Have you ever bought jalapeno peppers from the grocery store and have some either be so lacking in heat it could be confused for a small bell pepper or so hot a small piece will almost bring you to tears?
Here’s an easy tip for choosing jalapenos that can help you decide which ones to pick for your recipe. Jalapenos progressively get hotter the older they get, starting light green and turning darker until it eventually turns a bright red. As they age on the vine, they develop white lines and flecks, like stretch marks or stress marks running in the direction of the length of the pepper. These are called striations or what many pepper growers call “corking”. The smoother the pepper is, the younger and milder it is. The more white lines and the darker the color, the older and hotter it is. There is still plenty of variation among individual pepper subspecies but it is pretty safe to say that a red jalapeno can be pretty hot if it has a lot of striations. It should also be noted that it will also be sweeter.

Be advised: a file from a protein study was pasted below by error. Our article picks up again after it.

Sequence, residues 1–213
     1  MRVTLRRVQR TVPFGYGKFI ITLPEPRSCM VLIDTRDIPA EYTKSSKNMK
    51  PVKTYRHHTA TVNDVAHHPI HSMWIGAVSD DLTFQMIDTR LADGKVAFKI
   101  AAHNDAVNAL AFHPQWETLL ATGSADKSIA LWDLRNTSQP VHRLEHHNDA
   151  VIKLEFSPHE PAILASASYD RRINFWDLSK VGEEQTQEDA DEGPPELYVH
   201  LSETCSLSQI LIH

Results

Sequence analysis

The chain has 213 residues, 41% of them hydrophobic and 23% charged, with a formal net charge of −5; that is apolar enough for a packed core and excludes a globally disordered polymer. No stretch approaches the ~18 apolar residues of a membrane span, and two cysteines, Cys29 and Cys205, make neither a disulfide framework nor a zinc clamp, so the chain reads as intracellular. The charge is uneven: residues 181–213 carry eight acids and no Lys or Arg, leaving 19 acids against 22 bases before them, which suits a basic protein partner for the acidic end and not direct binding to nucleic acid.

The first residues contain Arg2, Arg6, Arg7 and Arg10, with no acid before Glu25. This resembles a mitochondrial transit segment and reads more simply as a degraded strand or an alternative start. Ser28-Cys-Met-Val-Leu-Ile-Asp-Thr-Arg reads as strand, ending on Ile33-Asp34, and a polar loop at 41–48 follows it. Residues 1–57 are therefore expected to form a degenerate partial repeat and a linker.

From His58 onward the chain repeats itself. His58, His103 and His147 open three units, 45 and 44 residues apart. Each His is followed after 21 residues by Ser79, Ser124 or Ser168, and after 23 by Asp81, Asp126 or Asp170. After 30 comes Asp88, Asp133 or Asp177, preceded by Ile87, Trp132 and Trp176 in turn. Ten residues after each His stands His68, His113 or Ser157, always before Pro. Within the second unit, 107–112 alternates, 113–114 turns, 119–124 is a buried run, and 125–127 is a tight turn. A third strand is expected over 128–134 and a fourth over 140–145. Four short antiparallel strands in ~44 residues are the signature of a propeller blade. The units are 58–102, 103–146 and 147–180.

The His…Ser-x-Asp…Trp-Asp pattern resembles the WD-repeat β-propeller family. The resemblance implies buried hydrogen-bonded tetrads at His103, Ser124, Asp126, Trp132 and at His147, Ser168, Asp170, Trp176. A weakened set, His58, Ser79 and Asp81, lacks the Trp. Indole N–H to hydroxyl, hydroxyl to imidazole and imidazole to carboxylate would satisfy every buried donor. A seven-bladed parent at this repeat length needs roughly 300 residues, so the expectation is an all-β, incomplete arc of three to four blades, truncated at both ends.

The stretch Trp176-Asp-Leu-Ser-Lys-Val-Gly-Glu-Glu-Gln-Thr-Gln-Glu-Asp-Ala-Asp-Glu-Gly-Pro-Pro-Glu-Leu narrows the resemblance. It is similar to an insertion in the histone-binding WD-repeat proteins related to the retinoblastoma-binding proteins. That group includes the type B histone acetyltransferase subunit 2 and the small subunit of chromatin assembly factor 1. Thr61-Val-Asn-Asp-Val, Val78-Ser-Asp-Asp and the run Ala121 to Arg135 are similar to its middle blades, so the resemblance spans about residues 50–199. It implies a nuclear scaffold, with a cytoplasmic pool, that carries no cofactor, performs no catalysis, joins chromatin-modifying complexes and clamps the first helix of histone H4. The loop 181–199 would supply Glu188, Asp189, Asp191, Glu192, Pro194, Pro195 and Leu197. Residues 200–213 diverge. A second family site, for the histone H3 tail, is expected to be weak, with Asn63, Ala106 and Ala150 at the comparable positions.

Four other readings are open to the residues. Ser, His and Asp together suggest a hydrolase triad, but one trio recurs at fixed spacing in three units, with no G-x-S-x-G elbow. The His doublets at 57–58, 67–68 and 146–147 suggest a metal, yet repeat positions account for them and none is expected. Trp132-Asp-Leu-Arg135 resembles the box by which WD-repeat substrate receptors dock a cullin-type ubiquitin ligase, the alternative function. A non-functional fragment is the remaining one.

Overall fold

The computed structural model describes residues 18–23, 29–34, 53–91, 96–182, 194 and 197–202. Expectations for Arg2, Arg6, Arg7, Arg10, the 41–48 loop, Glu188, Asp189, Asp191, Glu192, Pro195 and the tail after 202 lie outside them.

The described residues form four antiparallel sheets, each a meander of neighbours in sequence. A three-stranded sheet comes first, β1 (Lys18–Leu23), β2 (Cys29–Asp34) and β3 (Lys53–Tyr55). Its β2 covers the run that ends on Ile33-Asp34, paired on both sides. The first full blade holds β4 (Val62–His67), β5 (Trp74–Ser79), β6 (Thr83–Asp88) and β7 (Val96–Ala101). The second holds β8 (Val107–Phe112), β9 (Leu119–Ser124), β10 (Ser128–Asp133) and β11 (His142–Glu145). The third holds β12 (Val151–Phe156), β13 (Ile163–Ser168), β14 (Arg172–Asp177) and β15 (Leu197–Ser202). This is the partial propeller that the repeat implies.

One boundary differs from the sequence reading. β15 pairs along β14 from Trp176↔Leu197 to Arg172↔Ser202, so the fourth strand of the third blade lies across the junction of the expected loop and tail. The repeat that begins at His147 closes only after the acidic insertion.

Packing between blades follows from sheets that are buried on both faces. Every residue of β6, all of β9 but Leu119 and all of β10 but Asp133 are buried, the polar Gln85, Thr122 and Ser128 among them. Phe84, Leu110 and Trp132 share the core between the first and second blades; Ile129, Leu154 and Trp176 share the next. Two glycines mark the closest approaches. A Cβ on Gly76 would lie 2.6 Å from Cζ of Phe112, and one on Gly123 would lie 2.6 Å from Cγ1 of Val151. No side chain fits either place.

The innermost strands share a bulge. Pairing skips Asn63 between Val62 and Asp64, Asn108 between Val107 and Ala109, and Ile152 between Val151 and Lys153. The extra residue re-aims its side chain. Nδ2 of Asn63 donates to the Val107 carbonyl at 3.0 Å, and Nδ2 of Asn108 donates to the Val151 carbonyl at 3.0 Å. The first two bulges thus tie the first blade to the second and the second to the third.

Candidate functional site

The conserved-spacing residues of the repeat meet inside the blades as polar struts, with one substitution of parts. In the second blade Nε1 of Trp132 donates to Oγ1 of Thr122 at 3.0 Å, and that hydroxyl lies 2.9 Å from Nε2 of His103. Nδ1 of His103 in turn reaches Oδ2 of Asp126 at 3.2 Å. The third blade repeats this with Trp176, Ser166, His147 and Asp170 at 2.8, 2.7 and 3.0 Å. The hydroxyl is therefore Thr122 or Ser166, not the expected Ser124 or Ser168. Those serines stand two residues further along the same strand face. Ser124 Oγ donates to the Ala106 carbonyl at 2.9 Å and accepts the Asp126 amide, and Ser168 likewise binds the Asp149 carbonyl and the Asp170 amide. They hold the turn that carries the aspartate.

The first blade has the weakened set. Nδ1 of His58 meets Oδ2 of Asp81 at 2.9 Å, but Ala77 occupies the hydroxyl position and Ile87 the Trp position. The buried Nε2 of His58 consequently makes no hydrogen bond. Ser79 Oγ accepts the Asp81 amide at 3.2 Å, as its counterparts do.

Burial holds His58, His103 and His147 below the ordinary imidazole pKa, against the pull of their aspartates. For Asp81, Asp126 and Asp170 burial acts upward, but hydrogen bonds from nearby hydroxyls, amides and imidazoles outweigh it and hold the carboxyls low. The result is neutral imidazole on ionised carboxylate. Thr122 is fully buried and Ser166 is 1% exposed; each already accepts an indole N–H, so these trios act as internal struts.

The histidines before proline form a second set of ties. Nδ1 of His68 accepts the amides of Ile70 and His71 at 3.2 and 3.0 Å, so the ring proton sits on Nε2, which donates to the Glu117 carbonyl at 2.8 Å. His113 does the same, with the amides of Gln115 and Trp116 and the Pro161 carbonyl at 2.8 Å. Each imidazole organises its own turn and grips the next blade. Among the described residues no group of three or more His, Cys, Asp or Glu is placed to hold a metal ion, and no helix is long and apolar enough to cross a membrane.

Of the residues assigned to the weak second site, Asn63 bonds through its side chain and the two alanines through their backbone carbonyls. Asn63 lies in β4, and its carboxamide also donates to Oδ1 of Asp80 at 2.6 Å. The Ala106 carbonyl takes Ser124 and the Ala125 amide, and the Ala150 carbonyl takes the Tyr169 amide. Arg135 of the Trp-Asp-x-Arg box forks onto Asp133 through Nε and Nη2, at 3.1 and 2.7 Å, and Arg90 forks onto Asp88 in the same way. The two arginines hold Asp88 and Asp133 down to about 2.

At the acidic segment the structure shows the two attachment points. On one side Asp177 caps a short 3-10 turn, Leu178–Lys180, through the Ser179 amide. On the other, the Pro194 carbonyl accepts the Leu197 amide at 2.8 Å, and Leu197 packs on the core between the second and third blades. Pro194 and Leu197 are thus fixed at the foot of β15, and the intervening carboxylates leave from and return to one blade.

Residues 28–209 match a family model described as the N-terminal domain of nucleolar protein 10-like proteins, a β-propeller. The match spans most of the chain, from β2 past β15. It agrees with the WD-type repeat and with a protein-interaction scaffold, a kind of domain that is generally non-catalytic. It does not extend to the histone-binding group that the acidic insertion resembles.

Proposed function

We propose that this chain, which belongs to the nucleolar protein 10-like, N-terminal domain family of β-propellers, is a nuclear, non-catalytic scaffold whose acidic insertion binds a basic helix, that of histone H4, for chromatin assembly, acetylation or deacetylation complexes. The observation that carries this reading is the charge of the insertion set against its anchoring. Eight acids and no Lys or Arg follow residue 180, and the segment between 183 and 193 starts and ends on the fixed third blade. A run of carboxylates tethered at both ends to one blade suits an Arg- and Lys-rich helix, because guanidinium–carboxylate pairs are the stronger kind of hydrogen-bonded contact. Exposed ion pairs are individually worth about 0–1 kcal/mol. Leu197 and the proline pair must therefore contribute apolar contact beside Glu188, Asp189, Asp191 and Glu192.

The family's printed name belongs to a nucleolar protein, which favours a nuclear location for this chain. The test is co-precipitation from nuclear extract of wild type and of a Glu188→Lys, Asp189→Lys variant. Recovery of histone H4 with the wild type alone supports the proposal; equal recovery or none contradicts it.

The bottom line is that if you are trying to avoid the hottest jalapenos, say for an appetizer dish for a party, pick the jalapenos that are lighter green and smooth without any striations. If you are looking for some heat, find a red or green one with plenty of white stretch marks. Note that this is just a generalization and you can find hotter than normal peppers without any white lines but your chances of picking a mild one are better if you go for smooth.
It’s widely known that capsaicin is the chemical that gives peppers their heat but one additional fact that’s good to know is the capsaicin is concentrated in the seeds and the sack around them. Is it also possible that the more mature jalapenos have more of their capsaicin distributed throughout their flesh than the younger ones? Of course, try eating several peppers of different heat ranges and get back with me.